The first day on my new job, I sat next to a woman who heaved an exasperated sigh before starting work. Seconds later, her headset in place, she chirped out a cheerful yet courteous hello into the receiver. The ease with which she flipped the switch was slightly terrifying, her darker mood immediately returning once she hung up. It was my welcome into the weird world of telemarketing.
Currently temping at a small language services company as a glorified telemarketer, I spend seven hours of my day immersed in the constant din of high-pitched chatter. We cajole, encourage, and placate, gesticulating into the air or bowing in front of our computers as we say goodbye, as if, despite the telephone’s long history, we still can’t shed the desire to interact in person. Our unconscious movements imply that the distance is something that shouldn’t be, even if the invention of the telephone has made possible the mere existence of the exchange. Communication seems a distant dream as we cock our heads at our screens or shrug helplessly at whosever eye we happen to catch. We talk and giggle, suck on cough drops by mid-afternoon, and nurse sore throats on the commute home.

And as the falsity of my current telephonic interactions threatens to permeate reality, I’ve taken to glancing in that narrow space between my computer screen and the phone. Nestled there, blending into the unremarkable cubicle wall, sits my gray Ride.Studio.Cafe water bottle, scarred black in places by my bottle cage. It gets refilled, swigged from, and picked up several times a day, its weight and shape a comforting reminder. But it is its simple slogan, to “Ride. Rest. Repeat.,” that has been my saving grace of late.
Because raised in a Japanese family, my parents had always insisted that I take whatever task I endeavor, seriously. “We don’t care what you choose to do [except we really do], just as long as you take it seriously,” they said. And though this primarily applied to grades and other external measures of success, the attitude left me with a tendency to throw my everything into the things I undertake. But when too many hours of my day are spent at a job, which, if taken seriously, could only lead to dementia, I hunger for a spark, a sign, some indication that dreams don’t all die at underemployment’s door.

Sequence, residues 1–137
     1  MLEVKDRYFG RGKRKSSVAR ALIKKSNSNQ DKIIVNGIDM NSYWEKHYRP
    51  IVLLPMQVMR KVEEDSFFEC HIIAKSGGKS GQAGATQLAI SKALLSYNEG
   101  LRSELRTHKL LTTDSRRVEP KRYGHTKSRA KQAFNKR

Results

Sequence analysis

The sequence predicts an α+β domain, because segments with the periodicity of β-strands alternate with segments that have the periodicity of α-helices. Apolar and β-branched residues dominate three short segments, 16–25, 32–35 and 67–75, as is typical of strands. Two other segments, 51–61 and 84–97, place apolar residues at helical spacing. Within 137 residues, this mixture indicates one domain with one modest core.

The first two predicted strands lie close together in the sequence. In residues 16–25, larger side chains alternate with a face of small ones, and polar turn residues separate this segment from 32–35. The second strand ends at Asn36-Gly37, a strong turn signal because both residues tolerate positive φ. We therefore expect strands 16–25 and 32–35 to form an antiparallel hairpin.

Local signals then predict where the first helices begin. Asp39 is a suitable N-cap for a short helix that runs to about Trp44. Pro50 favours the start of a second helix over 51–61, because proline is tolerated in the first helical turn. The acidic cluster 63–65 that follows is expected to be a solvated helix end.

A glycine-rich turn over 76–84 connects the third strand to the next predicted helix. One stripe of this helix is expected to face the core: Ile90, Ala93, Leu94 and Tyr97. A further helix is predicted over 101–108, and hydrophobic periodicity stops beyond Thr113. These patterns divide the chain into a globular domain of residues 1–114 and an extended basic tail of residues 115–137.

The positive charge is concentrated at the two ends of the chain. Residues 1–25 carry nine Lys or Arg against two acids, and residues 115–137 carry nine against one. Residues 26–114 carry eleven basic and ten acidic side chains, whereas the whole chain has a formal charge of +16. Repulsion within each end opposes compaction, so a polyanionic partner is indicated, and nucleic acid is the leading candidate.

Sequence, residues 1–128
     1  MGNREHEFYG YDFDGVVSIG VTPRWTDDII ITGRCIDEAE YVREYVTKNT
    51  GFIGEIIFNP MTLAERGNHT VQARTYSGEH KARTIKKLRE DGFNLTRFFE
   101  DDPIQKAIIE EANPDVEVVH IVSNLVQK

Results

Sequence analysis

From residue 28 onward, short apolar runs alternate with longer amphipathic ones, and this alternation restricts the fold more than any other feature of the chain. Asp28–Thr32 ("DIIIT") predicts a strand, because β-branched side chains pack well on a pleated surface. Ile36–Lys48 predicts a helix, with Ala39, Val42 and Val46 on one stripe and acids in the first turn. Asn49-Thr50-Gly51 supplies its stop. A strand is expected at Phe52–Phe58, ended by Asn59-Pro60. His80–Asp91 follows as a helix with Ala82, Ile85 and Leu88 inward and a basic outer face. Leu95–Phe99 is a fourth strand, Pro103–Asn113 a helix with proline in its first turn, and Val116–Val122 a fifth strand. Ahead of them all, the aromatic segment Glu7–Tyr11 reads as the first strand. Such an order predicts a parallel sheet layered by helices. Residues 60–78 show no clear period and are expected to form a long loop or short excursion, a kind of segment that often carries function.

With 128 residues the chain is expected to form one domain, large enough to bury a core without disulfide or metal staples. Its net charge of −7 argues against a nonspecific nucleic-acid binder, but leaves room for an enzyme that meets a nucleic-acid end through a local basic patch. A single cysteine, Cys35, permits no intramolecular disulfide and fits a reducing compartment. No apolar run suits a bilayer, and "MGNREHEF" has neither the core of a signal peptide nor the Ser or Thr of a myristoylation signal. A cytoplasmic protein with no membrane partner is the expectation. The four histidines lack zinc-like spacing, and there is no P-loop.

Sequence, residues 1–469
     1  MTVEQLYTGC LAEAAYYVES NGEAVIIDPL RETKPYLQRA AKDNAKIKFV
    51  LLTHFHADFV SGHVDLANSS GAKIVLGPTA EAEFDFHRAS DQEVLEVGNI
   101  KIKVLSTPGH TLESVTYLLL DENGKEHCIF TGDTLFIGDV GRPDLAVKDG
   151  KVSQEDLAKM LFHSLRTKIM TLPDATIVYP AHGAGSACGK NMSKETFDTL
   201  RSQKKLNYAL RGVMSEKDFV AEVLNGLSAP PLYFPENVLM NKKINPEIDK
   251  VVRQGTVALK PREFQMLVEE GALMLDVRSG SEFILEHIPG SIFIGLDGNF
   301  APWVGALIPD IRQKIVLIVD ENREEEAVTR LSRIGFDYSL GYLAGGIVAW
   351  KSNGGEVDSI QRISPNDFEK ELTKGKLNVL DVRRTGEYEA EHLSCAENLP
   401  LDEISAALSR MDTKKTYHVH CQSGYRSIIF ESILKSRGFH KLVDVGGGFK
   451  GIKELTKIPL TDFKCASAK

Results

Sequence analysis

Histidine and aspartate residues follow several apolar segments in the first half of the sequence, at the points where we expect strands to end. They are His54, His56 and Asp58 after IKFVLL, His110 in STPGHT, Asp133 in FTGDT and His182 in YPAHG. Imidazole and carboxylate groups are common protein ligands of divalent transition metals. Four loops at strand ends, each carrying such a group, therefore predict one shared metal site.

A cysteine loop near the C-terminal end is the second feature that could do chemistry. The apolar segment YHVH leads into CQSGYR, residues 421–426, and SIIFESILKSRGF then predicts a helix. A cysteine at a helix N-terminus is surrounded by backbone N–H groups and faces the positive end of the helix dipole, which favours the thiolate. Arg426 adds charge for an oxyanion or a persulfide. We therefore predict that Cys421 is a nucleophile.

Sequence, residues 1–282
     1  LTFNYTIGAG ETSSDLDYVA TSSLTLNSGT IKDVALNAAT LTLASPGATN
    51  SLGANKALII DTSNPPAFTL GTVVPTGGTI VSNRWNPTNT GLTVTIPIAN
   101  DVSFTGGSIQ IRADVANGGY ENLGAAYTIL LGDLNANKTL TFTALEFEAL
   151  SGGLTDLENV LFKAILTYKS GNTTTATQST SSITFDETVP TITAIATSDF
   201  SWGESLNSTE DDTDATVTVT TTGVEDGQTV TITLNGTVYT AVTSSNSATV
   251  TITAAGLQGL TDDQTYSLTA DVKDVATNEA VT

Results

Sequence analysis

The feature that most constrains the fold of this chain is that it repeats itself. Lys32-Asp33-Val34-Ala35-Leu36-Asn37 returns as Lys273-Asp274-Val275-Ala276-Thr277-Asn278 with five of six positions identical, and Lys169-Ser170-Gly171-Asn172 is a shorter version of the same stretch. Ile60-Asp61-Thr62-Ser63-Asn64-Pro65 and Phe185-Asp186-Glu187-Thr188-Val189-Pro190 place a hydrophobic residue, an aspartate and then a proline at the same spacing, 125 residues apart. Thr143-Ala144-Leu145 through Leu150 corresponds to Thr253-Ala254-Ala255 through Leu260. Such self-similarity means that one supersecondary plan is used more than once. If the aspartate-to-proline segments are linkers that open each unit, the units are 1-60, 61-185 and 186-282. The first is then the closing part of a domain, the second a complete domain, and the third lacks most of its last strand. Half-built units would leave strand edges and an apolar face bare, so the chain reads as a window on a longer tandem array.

So my mornings, which start before the sun rises to squeeze in whatever time I can on the bike, have become more desperately meditative than their initial purpose to simply “stay fit.” I push the pedals as if chasing down ambition’s escaping wheel, despite the irony of remaining stationary on the rollers. And even on my “easy” days, I will too easily drive my legs into painful exhaustion, knowing I can relish the burn in my thighs later, when I’m trapped in a chair, counting down the minutes until the end of the day. Because for now, there is nothing I’d rather do, than “ride. Rest. Repeat.”
Viewed objectively, my stubborn focus on riding seems almost silly: the world is on the brink of a global recession, I’m probably drinking radioactive water, and Mitt Romney could be the next President. But it reminds me, too, that I am extremely lucky in having found a passion that I am not willing to compromise. It makes me more selfish and more anti-social than I probably should be, but torn away from friends and [bike] family, I eagerly exit the doors every day to return to two bicycles with some dangerously worn down parts, and a pair of chamois shorts I pray will get me through the winter.

The resulting sense of purpose – of something to go home to, I suppose – also suggests that perhaps my life is not so dispensable. That I am not defined, in any way, by the title of my current position of employment. And when the next day, and the next, and the one after that, only brings with it a mind-numbing, menial job, where the petty politics of the workplace seem to rule, that feeling is a priceless asset.

“You know, when I saw you carrying that, I realized, I haven’t seen a bike water bottle in so long, “my co-worker said as he lay, sprawled across one of the couches in the break room.
“Oh, cool,” I said, before changing the subject, reluctant to discuss cycling. I looked at my bottle again after he left, and traced the words with my eyes for the rest of the day until I scooted out the automatic doors, and exhaled.
I pointed my feet towards a train station and home, to ride, rest, repeat, again.